Whilst I am sure there are many of you who would argue that Section 127 does not go far enough in reasserting managerial prerogative, it is nonetheless a stride in the right direction.
This is not to suggest that S. 127 is entirely satisfactory. Arguably, delay and cost remain matters of significant concern to employers facing the prospect of concerted industrial action. So much is clear from a paper prepared by the Metal Trades Industry Association on the changes it feels warranted to address what it sees as "...a serious imbalance in bargaining power between employers and unions in the context of enterprise bargaining under Part VIB..." of the new Act.
Nor is the content of the MTIA's paper surprising when one considers it was written in the wake of the Email dispute - a dispute which continued for around 12 weeks and which resulted in the Commission refusing the company's application for termination of a bargaining period, a decision which prevented the company obtaining orders under S. 127 of the Act, and hence being able to proceed with an application in the Federal Court for an injunction.
I have not been able to discover what, if any, response the MTIA has got from the Minister as a consequence of its paper, suffice to say that at present there appear to be no changes mooted for the Section in the foreseeable future.
In his paper - Compliance with Dispute Settlement Orders in Australia1 written on the eve of the final parliamentary debate on the Howard Government's Workplace Relations. Bill, Graeme Watson commented:
"as will be obvious to any Australian industrial relations practitioner, enforcement of dispute settlement orders has had a chequered history and generates controversy to the present day. While certain means are available to enforce outcomes and adherence to the norms of the system these are either observed in the breach or resorted to in very exceptional circumstances."2
In a separate paper to an IBC Conference in July 1997 Graeme pointed out that in the more recent past the system has been characterised by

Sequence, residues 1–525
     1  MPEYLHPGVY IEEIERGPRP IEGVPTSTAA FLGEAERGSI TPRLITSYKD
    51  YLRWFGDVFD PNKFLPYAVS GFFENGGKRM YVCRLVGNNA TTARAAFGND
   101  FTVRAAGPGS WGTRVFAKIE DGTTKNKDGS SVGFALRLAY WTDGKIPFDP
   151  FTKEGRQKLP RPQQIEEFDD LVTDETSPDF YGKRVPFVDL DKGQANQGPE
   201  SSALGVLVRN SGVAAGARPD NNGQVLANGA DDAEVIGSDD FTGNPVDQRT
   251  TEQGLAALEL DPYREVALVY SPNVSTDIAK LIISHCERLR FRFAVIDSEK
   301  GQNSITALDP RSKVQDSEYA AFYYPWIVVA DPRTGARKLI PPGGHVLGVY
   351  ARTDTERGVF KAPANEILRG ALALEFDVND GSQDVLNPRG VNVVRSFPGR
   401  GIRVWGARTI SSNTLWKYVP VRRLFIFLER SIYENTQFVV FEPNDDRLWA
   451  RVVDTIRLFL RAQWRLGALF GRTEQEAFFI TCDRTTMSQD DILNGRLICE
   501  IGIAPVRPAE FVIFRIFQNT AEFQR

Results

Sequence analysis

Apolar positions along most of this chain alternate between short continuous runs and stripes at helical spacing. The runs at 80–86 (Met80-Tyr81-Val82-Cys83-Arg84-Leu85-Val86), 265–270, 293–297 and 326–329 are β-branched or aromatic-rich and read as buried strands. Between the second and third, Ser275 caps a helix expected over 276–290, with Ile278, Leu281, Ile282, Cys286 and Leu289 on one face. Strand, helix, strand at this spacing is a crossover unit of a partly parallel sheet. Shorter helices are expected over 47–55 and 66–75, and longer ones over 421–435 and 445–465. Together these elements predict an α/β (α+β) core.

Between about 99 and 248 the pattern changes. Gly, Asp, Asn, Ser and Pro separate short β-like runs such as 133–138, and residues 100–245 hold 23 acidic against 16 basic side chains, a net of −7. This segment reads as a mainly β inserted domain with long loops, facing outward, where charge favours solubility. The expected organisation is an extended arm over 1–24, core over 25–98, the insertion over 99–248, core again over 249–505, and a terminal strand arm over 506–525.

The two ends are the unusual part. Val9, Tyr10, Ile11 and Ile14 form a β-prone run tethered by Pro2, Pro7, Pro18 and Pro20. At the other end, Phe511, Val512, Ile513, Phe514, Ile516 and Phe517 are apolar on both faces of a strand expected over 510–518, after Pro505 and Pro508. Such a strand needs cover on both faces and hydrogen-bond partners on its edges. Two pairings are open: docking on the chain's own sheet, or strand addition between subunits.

"...complicated procedures which have made resort to binding dispute settlement orders the exception rather than the rule... In practice, the situation represented a serious imbalance which has undermined the standing of the Australian system and its institutions. The imbalance arises because awards imposing obligations on employers are fully enforceable through the courts and subject to penalties in the case of breach. Commission recommendations, directions and orders requiring cessation of industrial action [on the other hand], were commonly ignored by unions and their members..."3
As a legislative scheme, the Workplace Relations Act 1996 seeks to remedy this imbalance. Section 127 is an important component of that scheme.
From a business perspective it is difficult to envisage a section in any piece of industrial relations legislation since the passage of the Conciliation and Arbitration Act 1904 which upon taking operational effect promised so much.
Whether or not it lives up to such expectations is as yet an open question given the relatively limited period of its operation. Whilst the experiences of the first 8 months enable some analysis at least of its effect, I have to say that the signs are not good.
As will become clearer during the course of this session, the recent interpretation given Section 127 by the Commission in its test case decision of 20 June 1997 in Coal and Allied Operations Pty Ltd and Automotive ,Food, Metals, Engineering, Printing and Kindred Industries Union (AFMEPKIU) and Others4 suggests the Section has been applied somewhat differently than perhaps may have been first envisaged - by a Commission with its own particular view of how industrial relations in Australia ought be managed.